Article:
13. 13. 13 FGD II: Lowering cost of finance i. What solutions can support domestic lending for offshore wind & green hydrogen? • How prepared are domestic lenders (e.g. NBFCs) to start financing offshore wind and green hydrogen development? • What do they need to start financing these sectors, and what do they perceive as risks (and the subsequent cost of finance)? • Are there lessons to be learned from on-shore wind & solar development? ii. What can increase international finance for offshore wind & green hydrogen in India? • How are offshore wind and green hydrogen being financed internationally? • How do international lenders/investors perceive financing & related risks for these sectors? • What mechanisms/solutions (e.g. for Forex hedging) can help to lower the cost of finance? • Where/how can international climate/development finance support lower cost of finance for offshore wind and green hydrogen development?
  14. 14. 14 FGD III: Unlocking capital i. What can unlock access to capital markets for offshore wind & green hydrogen to realise 2030 renewable energy ambition? • What are the roles of domestic and international capital markets (e.g. through green/sustainability- linked and Masala bonds, InvITs, etc.) in financing clean energy development? • What are institutional investors (e.g. pension and insurance funds) and financial institutions looking for (e.g. in terms of structuring, risk profiles, etc.) and what do they perceive as risks for offshore wind & green hydrogen development? • Are there lessons to be learned from other markets and/or solutions that can help to tap into capital markets (e.g. to lower the cost of finance and/or recycle capital)?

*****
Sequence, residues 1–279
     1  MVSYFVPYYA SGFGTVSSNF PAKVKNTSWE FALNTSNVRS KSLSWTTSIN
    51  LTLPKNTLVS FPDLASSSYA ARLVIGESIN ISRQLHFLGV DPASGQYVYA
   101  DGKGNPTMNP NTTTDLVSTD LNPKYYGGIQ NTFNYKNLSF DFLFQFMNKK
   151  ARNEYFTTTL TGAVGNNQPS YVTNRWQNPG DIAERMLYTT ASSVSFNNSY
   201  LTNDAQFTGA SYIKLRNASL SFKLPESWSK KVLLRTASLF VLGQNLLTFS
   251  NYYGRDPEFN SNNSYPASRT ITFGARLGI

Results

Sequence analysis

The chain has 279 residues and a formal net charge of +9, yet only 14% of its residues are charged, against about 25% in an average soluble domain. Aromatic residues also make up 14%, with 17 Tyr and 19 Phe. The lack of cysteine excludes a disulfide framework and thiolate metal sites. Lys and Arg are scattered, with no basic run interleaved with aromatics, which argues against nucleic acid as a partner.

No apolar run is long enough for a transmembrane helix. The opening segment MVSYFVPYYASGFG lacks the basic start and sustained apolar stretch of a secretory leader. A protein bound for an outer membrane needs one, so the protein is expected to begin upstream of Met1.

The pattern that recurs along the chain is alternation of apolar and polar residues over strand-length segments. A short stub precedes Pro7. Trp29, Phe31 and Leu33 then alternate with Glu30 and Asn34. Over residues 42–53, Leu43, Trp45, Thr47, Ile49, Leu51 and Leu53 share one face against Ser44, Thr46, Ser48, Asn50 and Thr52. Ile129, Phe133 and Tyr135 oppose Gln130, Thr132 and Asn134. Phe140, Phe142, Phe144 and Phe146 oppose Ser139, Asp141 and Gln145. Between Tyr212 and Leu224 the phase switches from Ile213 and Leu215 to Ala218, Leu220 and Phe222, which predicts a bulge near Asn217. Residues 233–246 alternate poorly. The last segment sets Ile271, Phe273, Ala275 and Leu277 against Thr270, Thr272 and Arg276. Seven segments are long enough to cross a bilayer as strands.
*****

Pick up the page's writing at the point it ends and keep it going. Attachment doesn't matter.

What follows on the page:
15. 15. Clean Energy Finance and Investment Roadmap Workshop II: Offshore Wind & Green Hydrogen 15 11 May 2022 John Dulac, OECD & Poonam Sandhu, NRDC

Editor's Notes

  • Manufacturing large value items like OSW turbines and electrolysers for GH2 in India can bring value addition  by lowering LCOEs in the LT and ensuring stability in supply chain against geo-political issues. 

    Capital markets: We already observe a strong demand from ESG funds and a quick development of sustainability-linked instruments such as green bonds.
  • Mention anything about national targets / National Policy?

    Note did not have a dedicated GH2 workshop, but did take participate in IH2A workshop: CEFIM provided insights on OECD experience related to Multilateral Funding
    The workshop also highlighted opportunities and challenges for early applications in GH2 demand. CEFIM has likewise continued to speak with stakeholders and international partners as part of wider analytical piece developing on decarbonising industry framework